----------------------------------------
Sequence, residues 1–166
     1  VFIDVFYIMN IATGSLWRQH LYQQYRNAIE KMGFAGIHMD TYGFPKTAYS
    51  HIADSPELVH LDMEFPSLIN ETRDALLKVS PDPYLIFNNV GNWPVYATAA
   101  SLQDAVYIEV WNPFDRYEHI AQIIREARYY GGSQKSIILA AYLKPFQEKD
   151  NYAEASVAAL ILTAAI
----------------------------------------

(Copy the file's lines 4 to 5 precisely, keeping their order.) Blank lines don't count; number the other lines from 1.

   101  SLQDAVYIEV WNPFDRYEHI AQIIREARYY GGSQKSIILA AYLKPFQEKD
   151  NYAEASVAAL ILTAAI